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San Ramón, about 12 kilometers due west of Naranjo and one kilometer north of Highway 1, is an agricultural and university town known for its Saturday feria del agricultor (farmers market). The impressive church on the main square is built of steel manufactured by the Krups armament factory in Germany. It has a beautiful colonial tile floor and stained-glass windows.
The San Ramón Museum (tel. 506/2437-9851, 8 a.m.–5 p.m. Mon.–Fri., free) on the north side of the plaza, focuses on local history and has a motley collection; it features a re-created turn-of-the-20th-century campesino home.
One block east, the José Figueres Ferrer Historic Museum and Cultural Center (tel. 506/2447-2178, www.centrojosefigueres.org, 10 a.m.–7 p.m. Mon.–Sat., by donation) has an exposition on the life of Figueres and the 1948 civil war.
In town, the Hacienda Espíritu Santo (tel. 506/2450-3838, www.espiritusantocoffeetour.com, 8 a.m.–5 p.m. daily, $10) coffee estate and mill offers one-hour tours that teach about coffee production.
an Ramón is a gateway to the northern lowlands via a mountain road that crests the cordillera, then begins a long sinuous descent to La Tigra. About three kilometers north of town, stop at the Cigar Factory (tel. 506/8342-9517, 8 a.m.–6 p.m. daily), a rather grandiose name for a tiny family-run cigar enterprise where you can watch fine smokes being rolled, then roll your own.
Nectandra Cloud Forest Garden (tel./fax 506/2445-4642, www.nectandra.org, 7 a.m.–5 p.m. Tues.–Sun., $60 including guided tour; reservation required), 15 kilometers north of San Ramón, is a botanical garden surrounded by 104 hectares of forest reserve where quetzals can be seen while hiking miles of trails. It has a visitors center and café. Call ahead, as the gates have always been locked when I’ve visited.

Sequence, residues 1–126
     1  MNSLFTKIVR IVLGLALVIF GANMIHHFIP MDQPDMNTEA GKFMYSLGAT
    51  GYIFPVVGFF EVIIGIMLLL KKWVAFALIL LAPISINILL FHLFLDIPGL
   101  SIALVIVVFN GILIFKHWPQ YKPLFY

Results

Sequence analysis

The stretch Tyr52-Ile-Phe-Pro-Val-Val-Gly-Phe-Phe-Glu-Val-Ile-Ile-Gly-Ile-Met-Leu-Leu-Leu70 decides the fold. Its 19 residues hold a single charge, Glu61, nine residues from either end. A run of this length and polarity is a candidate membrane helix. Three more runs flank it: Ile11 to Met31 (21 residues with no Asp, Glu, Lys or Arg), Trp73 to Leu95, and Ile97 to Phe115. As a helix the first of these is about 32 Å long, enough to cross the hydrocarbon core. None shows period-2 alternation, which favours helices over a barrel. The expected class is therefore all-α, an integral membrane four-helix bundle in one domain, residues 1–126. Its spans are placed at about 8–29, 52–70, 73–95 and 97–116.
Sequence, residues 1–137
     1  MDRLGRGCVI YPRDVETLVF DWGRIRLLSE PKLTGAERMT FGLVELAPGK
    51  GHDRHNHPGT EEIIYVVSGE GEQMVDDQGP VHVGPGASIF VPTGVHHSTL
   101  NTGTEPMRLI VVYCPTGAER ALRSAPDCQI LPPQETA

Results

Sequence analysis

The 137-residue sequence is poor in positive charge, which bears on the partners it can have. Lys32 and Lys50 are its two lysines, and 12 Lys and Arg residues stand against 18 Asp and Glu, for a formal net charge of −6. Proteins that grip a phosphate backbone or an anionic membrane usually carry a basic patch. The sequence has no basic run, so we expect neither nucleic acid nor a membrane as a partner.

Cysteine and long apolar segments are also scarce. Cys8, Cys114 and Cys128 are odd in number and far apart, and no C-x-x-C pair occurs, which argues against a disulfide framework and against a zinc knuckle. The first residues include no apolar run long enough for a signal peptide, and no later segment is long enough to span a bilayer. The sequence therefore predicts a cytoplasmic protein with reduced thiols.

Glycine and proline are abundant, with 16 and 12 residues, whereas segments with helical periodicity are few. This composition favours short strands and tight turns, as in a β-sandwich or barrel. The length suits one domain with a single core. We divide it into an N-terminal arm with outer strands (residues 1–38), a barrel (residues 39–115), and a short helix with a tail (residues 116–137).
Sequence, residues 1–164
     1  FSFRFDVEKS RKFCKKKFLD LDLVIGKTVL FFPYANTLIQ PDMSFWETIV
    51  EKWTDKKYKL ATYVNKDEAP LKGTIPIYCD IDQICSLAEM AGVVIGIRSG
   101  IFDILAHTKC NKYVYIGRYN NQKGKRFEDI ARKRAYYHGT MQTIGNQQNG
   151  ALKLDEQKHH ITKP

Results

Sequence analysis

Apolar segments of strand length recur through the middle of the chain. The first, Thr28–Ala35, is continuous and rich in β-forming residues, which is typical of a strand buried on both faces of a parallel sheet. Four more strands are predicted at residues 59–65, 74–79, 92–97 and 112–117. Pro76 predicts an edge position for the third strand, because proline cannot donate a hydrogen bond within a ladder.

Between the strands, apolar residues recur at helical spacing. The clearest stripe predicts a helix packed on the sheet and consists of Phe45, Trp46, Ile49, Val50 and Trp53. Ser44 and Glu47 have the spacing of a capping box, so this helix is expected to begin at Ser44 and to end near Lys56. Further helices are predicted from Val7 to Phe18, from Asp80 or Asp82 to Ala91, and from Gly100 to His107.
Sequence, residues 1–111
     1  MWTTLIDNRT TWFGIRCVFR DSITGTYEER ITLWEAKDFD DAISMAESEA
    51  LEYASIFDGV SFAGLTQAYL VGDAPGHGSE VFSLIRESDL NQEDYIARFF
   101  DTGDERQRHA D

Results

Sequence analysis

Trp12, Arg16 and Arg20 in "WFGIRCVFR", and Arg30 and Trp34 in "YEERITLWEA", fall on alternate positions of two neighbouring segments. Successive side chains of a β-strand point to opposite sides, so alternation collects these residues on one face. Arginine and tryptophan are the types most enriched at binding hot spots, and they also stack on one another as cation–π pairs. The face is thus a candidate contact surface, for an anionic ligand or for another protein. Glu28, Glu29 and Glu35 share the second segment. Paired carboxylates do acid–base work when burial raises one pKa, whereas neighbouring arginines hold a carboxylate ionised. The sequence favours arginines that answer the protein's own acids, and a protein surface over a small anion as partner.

One kilometer north brings you to Bosque Nuboso El Cocora (tel. 506/8394-0121, elcocora [at] hotmail [dot] com, 9 a.m.–5 p.m. Mon.–Sat., noon–5 p.m. Sun., $5 adults, $3 children), a small cloud-forest reserve with a netted butterfly garden (with 25 species), hummingbird garden, and trails.
About 18 kilometers north of San Ramón, a dirt road leads west to the 7,800-hectare Alberto Manuel Brenes Biological Reserve (tel. 506/2437-9906, www.so.ucr.ac.cr/Enlaces/RBAMB), created in 1993 to protect watershed forest on the Atlantic slope of the Cordillera de Tilarán. It’s administered by the University of Costa Rica. It has trails, plus cabins available by reservation.
About 32 kilometers north of San Ramón is the San Lorenzo Canopy Tour (tel. 506/2447-9331, www.landsinlove.com/Canopy.htm) with two options. The first features 13 platforms, eight cables, and two hanging bridges spanning two guided trails; or you can take the Adventure Cable Tour by zip line using six cables (the longest is 850 meters). The latter has two parallel cables, so you can race your best friend. Each costs $35 for 90 minutes, or $55 for both. There’s also a canyoning option involving a waterfall rappel ($50).
The nearby San Luis Canopy Tour (tel. 506/8399-6766, www.sanluiscanopytour.com, 8 a.m.–3 p.m. daily) competes.
Getting to San Ramón
Buses (tel. 506/2222-0064) depart San José every 45 minutes from Calle 16, Avenidas 10/12, 5:50 a.m.–10 p.m. daily ($1.60). Taxis operate from the main plaza, or call Taxis San Ramón (tel. 506/2445-5966 or 506/2445-5110).
© Christopher P. Baker from Moon Costa Rica, 8th Edition